In the Islamic world, evocations of paradise permeated not just the garden but inside too; palaces contained richly ornamented interiors inscribed with vegetal calligraphy and patterns, scooped into cave-like stalactite vaults, domes and niches. Vivid mosaics at the pleasure palace Khirbat al-Mafjar in Palestine from the eighth century, depict flowers, fruits, leaves, interlaced vines, trees, gazelles and lions, alongside faces and naked women (strictly forbidden in Islam) sculpted into stucco walls. The throne room at the Alhambra from the 14th century is encrusted in patterns and inscriptions, culminating in an elaborate domed wooden ceiling representing the seven heavens of Islam. Through calligraphy, geometric tiles and carved stucco, the garden of heaven is transmitted into the palatial interior.
From the medieval monastic cloister, encircling its own garden of Eden, monks could quietly, piously reflect on the wonder of God. The Italian villas of the Renaissance on the other hand faced firmly outwards. The relationship between inside and out was stretched and elaborately choreographed, the wild landscape mediated through carefully composed gardens before sweeping into the villa. The rugged wilderness surrounding Villa Lante (1566) is gradually combed and tamed, first into the unkempt bosco or woodland hemmed into the villa’s perimeter walls, then into the manicured garden (‘incorporating art with nature, makes of the two a third nature’ wrote Bartolomeo Taegio in La Villa, 1559), before finally being permitted into Vignola’s villa itself. The fresco by Raffaellino da Reggio, painted on an internal wall, depicts the Villa Lante as if from a bird, collapsing this expansive journey inside into a single moment at its triumphant interior apex. Visible through a nearby window, the grounds and countryside, captured in the painting, tumble away into the distance.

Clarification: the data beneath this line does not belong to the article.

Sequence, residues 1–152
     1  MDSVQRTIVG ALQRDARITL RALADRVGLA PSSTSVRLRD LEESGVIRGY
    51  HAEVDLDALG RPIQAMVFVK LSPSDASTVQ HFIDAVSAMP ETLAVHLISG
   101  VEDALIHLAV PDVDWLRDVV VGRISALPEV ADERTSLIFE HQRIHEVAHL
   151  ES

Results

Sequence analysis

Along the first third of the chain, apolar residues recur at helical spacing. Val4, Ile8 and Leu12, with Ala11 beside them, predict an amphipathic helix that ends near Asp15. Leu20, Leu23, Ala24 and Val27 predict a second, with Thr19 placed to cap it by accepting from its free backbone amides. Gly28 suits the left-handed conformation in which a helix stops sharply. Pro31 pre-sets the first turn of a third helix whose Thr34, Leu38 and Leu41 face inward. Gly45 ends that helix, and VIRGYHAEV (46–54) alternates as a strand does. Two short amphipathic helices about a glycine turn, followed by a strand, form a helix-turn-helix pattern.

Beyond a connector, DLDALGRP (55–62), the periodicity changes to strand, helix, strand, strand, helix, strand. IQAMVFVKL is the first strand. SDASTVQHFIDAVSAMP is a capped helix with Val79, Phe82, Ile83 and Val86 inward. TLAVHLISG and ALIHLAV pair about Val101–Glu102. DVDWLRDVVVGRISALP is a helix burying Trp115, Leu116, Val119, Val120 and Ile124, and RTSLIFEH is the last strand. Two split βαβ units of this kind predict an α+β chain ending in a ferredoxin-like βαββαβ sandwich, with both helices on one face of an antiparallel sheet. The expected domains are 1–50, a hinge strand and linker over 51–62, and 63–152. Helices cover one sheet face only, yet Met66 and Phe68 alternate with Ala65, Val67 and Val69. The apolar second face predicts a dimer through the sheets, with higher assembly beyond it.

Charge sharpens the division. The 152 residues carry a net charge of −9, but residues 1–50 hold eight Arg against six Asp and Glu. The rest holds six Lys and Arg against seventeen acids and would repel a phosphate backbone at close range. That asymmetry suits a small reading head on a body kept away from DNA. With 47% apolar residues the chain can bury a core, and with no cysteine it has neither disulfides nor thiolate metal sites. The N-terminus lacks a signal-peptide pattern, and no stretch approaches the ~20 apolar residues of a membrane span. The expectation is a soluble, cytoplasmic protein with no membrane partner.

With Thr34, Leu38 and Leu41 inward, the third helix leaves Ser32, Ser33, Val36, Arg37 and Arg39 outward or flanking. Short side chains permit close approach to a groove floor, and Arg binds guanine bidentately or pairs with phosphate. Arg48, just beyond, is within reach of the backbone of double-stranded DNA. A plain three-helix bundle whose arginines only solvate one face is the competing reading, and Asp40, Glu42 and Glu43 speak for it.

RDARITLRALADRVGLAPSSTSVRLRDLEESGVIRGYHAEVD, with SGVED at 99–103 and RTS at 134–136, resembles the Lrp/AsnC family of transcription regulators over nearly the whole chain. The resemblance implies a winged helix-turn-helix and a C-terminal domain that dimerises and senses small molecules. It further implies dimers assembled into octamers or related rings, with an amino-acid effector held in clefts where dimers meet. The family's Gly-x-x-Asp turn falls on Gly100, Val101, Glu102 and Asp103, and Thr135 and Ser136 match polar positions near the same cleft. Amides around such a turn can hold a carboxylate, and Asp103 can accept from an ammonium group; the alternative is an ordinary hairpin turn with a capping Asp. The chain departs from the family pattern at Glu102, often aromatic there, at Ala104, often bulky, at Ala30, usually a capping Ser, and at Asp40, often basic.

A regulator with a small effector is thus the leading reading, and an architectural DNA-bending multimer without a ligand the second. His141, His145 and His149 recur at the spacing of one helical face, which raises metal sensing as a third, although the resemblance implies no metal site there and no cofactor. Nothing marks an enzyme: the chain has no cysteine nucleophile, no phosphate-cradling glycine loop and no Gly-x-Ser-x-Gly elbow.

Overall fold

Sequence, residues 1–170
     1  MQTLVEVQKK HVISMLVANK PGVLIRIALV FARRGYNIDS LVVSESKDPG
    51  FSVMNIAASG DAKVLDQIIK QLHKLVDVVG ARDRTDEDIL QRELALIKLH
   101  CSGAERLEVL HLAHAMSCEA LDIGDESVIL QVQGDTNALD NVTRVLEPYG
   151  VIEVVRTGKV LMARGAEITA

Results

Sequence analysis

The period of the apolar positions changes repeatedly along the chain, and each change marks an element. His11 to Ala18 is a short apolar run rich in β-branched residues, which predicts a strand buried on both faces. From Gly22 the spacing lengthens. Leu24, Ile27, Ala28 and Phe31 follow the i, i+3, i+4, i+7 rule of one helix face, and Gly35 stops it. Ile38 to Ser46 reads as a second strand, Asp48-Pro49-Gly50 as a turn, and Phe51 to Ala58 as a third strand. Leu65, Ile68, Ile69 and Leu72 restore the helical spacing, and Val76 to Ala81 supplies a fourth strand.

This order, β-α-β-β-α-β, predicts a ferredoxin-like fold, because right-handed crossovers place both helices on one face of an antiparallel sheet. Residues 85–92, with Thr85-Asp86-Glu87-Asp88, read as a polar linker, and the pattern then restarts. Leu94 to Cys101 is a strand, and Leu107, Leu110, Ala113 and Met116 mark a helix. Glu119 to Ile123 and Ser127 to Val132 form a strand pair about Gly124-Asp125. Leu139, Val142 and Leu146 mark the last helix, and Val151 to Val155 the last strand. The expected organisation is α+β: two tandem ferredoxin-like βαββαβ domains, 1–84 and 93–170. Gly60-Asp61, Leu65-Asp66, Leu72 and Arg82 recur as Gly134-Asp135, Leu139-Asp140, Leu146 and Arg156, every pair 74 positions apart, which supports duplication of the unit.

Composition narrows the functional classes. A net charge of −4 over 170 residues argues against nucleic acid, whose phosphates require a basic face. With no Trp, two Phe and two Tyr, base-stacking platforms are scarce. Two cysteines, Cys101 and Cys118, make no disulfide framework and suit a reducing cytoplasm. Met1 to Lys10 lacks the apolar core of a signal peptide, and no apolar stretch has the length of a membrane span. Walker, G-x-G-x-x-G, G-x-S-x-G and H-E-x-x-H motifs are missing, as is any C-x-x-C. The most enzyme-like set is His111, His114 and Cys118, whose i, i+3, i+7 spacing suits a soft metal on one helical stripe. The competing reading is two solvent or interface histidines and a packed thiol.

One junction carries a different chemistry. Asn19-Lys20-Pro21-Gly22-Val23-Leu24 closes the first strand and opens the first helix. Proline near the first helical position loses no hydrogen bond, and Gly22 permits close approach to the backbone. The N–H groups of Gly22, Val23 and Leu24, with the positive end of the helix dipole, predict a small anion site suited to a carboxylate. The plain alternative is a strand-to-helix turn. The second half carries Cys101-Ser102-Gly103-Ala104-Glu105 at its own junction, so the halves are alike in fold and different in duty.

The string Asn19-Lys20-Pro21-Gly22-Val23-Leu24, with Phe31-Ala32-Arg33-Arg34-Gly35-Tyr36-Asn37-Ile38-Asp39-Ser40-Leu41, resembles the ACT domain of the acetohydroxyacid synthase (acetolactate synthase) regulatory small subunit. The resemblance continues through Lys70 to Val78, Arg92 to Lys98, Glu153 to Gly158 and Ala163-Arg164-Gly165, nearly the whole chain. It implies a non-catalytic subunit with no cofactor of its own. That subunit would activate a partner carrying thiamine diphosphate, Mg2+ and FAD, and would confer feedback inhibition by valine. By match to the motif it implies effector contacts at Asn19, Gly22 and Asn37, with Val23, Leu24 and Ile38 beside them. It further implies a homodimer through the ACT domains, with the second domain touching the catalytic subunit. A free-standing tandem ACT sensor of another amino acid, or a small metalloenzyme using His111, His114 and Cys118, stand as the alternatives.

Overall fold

Villa livia outside in architectural review
Source: DeAgostini / Getty Images
Reggio villa lante outside in architectural review
Source: AGTravel / Alamy